Ladies and gentlemen,
I am very pleased to join you for this year’s United Nations Police Week.
I would like to start by commending you and your colleagues for your continued dedication to protecting the communities we serve, particularly during a crisis as complex as the COVID-19 pandemic.
UN Police has been an integral part of the UN’s peace and security work since the first time it was deployed, over 60 years ago. Though your role has evolved significantly in scope and scale, UN Police remains as vital today as it was then.
An aspect of this evolution is how UN policing now increasingly supports the work of special political missions. While these missions are civilian in character and do not have embedded formed police units, they are often requested to provide specialized support to national authorities in areas such as reforming national security institutions and law enforcement. To deliver on these mandates, we have greatly benefited from the expertise provided by UN Police – and in particular from the deployment of police advisers to our missions.
Today, in environments as challenging as Libya and Somalia, UN Police is supporting the work of our missions in a variety of ways: by helping advance respect for human rights in national justice, police and corrections systems; by advising governments on transitional justice and reconciliation issues; and by providing inputs on police-related aspects of peace processes and transitional roadmaps.
In Haiti, for example, our Police and Corrections Advisers have provided important support to the Haitian National Police in areas such as the reduction of gang violence, gender-responsive protection in affected communities, and respect for human rights. They have also assisted the Haitian National Police to improve its diversity, helping increase the percentage of women officers in new graduating classes from 5 to 20 percent.
In Somalia, UNSOM police advisers are supporting the implementation of the New Policing Model, which provides an organizational framework for policing at the national and federated member state level. This is a fundamental part of our mandate to help strengthen federal institutions in the country, and of the blueprint for sustaining peace in Somalia.
Similarly, in Libya, UNSMIL Police, in collaboration with the Libyan Ministry of Interior, have created the first The police station is now ready to serve a community of approximately 300,000 people – and will serve as a model for other police stations around the country in its rights-based approach.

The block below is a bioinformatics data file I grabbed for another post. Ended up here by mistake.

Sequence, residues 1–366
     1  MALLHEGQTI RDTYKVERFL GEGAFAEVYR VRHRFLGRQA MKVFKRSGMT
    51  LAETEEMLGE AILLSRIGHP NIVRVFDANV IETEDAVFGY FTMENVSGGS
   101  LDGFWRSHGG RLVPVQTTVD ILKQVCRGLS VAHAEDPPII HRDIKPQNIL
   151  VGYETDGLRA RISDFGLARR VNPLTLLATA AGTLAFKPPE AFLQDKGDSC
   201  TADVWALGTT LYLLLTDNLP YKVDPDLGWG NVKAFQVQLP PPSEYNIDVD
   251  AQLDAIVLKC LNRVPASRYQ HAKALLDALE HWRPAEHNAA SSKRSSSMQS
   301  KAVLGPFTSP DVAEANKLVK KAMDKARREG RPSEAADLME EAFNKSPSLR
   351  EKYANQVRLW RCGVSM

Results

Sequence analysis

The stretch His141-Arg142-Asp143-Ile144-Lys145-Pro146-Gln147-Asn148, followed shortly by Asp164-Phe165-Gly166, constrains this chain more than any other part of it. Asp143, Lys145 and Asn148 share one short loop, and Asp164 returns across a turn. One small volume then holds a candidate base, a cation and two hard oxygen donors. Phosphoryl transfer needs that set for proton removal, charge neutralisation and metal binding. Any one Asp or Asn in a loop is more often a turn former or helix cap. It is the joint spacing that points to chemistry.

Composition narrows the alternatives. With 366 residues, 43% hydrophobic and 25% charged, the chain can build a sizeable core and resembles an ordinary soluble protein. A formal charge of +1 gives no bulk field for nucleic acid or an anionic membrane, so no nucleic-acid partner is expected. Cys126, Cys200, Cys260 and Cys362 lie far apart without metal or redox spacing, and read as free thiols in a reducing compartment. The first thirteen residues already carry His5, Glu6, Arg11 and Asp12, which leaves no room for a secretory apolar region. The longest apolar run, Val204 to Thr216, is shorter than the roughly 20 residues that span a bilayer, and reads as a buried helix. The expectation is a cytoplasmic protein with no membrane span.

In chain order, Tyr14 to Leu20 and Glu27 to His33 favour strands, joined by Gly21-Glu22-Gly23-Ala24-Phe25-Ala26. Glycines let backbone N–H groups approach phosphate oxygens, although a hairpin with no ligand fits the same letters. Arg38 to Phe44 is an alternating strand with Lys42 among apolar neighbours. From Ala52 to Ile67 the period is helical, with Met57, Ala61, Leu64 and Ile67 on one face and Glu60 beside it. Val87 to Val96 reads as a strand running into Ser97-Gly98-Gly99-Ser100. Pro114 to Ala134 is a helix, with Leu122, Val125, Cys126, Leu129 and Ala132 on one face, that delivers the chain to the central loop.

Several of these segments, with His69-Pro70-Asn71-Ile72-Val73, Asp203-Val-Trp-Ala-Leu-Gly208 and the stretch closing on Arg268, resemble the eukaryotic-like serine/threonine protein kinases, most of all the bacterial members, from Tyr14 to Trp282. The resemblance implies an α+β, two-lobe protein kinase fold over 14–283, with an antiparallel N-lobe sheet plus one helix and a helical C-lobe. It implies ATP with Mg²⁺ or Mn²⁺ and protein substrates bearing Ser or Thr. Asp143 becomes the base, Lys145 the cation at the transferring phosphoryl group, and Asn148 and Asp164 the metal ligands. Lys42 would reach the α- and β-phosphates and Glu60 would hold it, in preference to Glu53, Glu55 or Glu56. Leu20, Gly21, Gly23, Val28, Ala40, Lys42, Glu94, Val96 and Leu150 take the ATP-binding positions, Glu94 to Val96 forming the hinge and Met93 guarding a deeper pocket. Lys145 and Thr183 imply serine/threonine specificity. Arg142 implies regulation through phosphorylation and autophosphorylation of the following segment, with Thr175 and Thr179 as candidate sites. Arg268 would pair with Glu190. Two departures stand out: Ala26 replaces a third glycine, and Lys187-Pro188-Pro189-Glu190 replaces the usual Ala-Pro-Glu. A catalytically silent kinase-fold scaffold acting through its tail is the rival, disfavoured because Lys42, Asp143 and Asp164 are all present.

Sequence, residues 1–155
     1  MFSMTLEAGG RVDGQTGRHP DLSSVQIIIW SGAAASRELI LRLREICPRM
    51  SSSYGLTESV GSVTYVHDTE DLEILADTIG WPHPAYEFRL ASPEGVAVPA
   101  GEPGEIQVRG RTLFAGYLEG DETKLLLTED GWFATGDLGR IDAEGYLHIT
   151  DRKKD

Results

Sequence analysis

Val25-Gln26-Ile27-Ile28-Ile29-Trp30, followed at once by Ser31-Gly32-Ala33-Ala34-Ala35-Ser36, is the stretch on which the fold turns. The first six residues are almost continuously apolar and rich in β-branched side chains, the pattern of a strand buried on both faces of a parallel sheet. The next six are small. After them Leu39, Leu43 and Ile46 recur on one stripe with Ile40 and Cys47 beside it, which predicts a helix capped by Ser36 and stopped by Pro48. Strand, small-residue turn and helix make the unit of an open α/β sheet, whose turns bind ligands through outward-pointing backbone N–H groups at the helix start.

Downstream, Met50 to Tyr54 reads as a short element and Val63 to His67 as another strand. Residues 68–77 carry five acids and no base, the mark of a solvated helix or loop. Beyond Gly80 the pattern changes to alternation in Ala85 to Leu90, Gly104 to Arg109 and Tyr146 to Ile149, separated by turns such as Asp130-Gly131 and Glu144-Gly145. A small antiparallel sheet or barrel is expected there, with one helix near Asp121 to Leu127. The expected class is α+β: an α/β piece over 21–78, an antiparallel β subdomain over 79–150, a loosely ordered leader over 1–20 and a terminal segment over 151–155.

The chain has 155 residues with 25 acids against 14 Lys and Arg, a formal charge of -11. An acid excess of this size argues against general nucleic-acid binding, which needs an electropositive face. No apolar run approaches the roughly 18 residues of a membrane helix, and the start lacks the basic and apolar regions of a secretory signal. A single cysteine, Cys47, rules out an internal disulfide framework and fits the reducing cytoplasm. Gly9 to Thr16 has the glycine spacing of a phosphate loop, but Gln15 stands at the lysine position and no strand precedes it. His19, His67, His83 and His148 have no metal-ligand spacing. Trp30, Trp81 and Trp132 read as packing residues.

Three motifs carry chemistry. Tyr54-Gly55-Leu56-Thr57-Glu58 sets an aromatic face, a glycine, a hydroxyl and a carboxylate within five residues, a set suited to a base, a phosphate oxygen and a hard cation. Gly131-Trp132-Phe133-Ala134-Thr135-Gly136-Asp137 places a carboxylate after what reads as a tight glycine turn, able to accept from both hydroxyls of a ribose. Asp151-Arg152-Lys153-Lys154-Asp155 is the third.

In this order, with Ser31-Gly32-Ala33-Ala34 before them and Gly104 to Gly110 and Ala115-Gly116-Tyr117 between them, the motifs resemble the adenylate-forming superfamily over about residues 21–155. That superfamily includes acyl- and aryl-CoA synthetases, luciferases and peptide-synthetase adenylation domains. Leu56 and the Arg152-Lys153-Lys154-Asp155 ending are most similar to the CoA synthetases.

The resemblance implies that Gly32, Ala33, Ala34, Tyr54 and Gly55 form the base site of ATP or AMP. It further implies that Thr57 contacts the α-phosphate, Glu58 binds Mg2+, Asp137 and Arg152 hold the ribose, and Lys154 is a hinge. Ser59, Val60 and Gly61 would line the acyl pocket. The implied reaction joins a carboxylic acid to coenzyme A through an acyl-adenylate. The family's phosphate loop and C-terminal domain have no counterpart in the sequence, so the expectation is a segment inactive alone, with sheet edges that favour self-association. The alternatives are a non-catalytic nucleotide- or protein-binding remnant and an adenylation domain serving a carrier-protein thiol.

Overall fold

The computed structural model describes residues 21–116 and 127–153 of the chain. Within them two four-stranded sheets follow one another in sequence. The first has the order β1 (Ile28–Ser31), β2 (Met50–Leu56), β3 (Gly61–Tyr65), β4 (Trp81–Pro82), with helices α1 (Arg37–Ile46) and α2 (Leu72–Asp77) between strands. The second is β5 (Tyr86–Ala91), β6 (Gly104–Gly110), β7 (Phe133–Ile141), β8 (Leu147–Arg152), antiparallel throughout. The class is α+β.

The recovery from the COVID-19 pandemic remains a major challenge for us. The pandemic continues to exacerbate vulnerabilities in the communities we serve, and has made the delivery of our mandates more difficult. I remain concerned about its socio-economic impact, and how rising poverty, inequality and marginalization may fuel tensions and potentially violence.
This is why the UN’s robust response to the pandemic has been so vital. Our missions and country teams reacted quickly in order to support host governments in their efforts to fight the virus, and are now helping them to build back better in a sustainable manner.
UN Police is an important part of this response. Across our missions, you have helped Member States address the impact of the pandemic – from advising host countries on how to limit the spread of the virus in correctional facilities to helping strengthen human rights-based policing during states of emergency.
I also want to highlight the important role of the Standing Police Capacity in this area, particularly in its support to Member States in non-mission settings, such as in Angola, Maldives and Zambia.
Before concluding, I would like to briefly speak about how the UN is currently responding to the converging global threats we see today.
Last year, during the commemorations of the 75th anniversary of the United Nations, the General Assembly adopted an ambitious Declaration that recognized the magnitude of current challenges, the urgent need for collective solutions, and the centrality of the United Nations in addressing these challenges.
In response to the UN75 Declaration, on 10 September, the Secretary-General presented his report on “Our Common Agenda”. The report offers an ambitious vision: a renewed, more inclusive and networked multilateralism at the international level; new social contracts that address exclusion and inequalities at the domestic level; more solidarity towards current and future generations; and a United Nations that is fit for a new era.
On the peace and security front, this comprehensive agenda includes important commitments: a new Agenda for Peace that puts prevention and violence reduction at its centre; a new vision for rule of law assistance to Member States; a concerted effort to enhance women’s participation in decision-making and their involvement in security policies.
Delivering on these commitments will be a significant undertaking. It will require all of us to work together, building on our respective strengths. I look forward to the support of UN Police to this agenda, and to your continuing cooperation with DPPA. I wish you fruitful meetings for the remainder of the UN Police Week.